Bruce Lee brings an effortless grace and charm to this entry on the 101 Action Movies list.
It had been awhile since I’d last watched it, so I quite enjoyed the chance to revisit this one. Lee plays, well, Lee. An exceptional martial artist at a Shaolin temple to go undercover in a tournament on the island of Han (Shih Kien), a former Shaolin monk who has since fallen to evil. He sells drug, runs women, and has an army at his disposal.
The agency that has recruited him knows what’s going on but hasn’t been able to prove anything. That’s why they’ve chosen Lee.
He’s all the most pure character in the film, with no vices, no faults.
His fellow contestants all have their downfalls, Roper (John Saxon) is a compulsive gambler, Williams (Jim Kelly) right before he leaves on the trip to Hong Kong assaults two police officers (they were asking for it) and steals their patrol car, and Parsons (Peter Archer) is a bit of a racist, violent tool.
The film is a basic riff on the spy films of the era, including the big everyone fights climax, while Lee hunts down Han.
While his showdown with Han is iconic, the whirling mirrors, the knives… it’s Lee’s showdown with Oharra (Robert Wall), Han’s lead henchman, who also has a history with Lee’s family, for that added touch of making it personal.
Lee choreographed all the fight scenes himself, and they are impressive, he fights the way he acts, effortlessly and gracefully.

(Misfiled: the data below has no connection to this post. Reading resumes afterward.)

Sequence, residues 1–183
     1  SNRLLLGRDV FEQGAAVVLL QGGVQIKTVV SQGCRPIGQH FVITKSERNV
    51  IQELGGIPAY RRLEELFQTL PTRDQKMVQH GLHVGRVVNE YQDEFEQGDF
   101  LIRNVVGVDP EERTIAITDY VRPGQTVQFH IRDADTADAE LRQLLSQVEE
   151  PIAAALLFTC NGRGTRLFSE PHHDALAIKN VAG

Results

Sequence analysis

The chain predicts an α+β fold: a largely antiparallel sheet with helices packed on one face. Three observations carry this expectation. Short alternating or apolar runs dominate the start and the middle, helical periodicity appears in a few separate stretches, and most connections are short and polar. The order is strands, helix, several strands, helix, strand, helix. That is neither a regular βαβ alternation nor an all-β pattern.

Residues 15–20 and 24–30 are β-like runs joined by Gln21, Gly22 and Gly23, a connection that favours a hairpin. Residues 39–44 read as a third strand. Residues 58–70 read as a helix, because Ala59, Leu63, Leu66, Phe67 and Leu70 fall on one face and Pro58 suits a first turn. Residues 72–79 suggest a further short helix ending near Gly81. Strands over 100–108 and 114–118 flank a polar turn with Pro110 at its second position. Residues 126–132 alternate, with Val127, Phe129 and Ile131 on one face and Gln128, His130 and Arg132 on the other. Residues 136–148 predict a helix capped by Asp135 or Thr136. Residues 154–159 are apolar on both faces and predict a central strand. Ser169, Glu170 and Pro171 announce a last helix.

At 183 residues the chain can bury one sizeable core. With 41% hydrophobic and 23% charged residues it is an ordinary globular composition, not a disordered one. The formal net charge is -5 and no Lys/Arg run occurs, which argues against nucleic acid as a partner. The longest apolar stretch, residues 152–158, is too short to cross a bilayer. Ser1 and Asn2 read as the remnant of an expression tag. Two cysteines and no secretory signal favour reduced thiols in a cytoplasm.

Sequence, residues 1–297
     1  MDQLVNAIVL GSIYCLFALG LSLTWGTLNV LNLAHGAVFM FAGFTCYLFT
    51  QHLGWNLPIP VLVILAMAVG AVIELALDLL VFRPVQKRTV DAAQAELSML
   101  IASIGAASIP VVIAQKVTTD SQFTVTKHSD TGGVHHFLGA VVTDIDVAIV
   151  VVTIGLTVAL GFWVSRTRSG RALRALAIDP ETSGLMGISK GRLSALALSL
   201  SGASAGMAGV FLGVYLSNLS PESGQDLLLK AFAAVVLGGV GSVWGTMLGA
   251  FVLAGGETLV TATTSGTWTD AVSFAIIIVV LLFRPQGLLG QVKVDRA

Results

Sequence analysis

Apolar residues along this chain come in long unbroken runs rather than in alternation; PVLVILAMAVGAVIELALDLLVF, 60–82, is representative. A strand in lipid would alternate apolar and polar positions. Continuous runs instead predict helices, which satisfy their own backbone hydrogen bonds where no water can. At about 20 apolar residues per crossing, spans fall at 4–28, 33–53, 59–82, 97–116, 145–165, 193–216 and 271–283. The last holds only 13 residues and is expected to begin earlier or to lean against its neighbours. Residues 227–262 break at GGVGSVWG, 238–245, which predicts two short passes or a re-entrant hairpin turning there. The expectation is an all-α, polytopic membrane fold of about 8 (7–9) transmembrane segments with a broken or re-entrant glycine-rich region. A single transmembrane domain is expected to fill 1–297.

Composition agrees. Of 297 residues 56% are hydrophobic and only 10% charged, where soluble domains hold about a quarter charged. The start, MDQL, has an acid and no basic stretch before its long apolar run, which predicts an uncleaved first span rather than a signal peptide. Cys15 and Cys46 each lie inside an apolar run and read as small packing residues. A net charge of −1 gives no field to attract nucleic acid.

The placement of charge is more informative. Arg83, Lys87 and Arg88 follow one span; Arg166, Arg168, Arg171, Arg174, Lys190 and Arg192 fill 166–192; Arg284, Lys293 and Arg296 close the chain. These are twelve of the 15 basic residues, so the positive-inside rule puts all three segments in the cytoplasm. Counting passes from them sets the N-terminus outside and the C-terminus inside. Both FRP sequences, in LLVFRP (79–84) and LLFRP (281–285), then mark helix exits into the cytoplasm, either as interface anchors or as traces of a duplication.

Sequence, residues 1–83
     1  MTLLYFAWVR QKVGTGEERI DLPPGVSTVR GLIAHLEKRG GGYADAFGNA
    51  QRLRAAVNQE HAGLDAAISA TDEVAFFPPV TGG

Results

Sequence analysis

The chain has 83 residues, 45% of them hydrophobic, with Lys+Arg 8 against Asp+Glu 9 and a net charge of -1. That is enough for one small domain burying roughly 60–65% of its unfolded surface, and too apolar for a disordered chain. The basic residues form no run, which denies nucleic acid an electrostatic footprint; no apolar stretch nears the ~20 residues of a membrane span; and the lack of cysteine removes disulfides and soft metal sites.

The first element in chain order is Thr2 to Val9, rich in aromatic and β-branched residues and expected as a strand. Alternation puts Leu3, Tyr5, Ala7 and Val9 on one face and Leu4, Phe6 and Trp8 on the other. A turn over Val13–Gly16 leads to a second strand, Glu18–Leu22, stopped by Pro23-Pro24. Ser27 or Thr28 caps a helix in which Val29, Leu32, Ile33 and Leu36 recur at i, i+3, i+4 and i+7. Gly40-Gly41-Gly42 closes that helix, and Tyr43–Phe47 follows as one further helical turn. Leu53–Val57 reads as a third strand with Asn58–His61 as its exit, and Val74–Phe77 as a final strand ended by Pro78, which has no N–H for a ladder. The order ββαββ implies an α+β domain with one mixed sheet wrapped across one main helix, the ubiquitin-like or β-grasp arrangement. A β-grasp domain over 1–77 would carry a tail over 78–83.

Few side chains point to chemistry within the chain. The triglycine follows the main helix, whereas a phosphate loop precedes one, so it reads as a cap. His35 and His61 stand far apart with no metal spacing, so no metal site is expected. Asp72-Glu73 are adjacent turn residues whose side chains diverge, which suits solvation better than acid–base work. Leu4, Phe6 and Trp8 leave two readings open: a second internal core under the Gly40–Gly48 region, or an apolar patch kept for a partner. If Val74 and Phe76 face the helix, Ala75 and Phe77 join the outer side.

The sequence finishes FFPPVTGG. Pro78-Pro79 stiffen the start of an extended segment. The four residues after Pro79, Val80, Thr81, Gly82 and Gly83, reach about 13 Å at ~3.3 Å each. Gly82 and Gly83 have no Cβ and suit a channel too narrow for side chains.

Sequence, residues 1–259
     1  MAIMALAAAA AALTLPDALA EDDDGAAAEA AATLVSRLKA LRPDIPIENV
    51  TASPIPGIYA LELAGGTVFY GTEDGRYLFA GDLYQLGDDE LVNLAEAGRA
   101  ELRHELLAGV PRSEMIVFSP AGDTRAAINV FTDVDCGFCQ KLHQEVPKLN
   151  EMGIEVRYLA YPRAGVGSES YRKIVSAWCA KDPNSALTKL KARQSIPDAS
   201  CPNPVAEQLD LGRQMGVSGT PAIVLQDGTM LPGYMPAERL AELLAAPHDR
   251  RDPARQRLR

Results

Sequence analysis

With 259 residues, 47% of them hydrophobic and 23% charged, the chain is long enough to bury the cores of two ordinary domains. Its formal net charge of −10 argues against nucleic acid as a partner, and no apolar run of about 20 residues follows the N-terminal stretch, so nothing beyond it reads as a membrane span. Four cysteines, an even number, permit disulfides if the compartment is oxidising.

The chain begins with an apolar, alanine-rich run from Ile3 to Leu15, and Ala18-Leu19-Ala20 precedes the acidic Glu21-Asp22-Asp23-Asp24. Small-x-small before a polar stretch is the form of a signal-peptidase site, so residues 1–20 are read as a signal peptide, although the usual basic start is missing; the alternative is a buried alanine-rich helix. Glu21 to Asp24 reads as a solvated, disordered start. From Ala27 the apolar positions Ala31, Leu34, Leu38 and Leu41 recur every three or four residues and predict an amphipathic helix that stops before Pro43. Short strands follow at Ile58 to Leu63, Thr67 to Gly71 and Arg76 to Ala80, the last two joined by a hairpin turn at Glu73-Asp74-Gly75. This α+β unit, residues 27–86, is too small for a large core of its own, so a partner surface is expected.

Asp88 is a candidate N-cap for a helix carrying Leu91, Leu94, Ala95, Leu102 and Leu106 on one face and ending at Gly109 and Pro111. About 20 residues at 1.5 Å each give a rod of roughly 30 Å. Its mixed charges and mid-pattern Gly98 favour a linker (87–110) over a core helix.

He has an easy sense of humor and it comes through in his character.
Everyone in the film could be whittled down to a stereotype, especially Han, who steals a page from James Bond’s Blofeld, and wanders around in a scene stroking a cat in his arm.
Despite that, and despite the face that this film is 40 years old, it still engages and entertains, thanks, in no small part to Lee.
This was Lee’s final film, and was the first U.S. – Hong Kong co-pro. Consequently the film has become legendary, iconic in the annals of action films. And while it may not be the strongest written film ever, it is memorable for all those reasons.
Lalo Schifrin scores the film, this guy was everywhere in the 70s!
While the film doesn’t have tons of quick cuts and inserts of fists striking, or kicks connecting, most of the action sequences are framed wide which allows the viewer to see everything that is going on, and some of these moves are incredibly quick.
This is still a wonderfully fun movie, and may have to be added to my blu-ray collection in the near future. But for all that, a number of people claim that it is not Lee’s best film, though him using the nunchaku in the one sequence where is storming the fortress’ underground taking on all attackers, is pretty awesome!
I’ll say that I don’t know enough about him to make that judgement, though I believe I’ve seen all of his films.
On this one… I’ll take recommendations. What is your fave Bruce Lee film?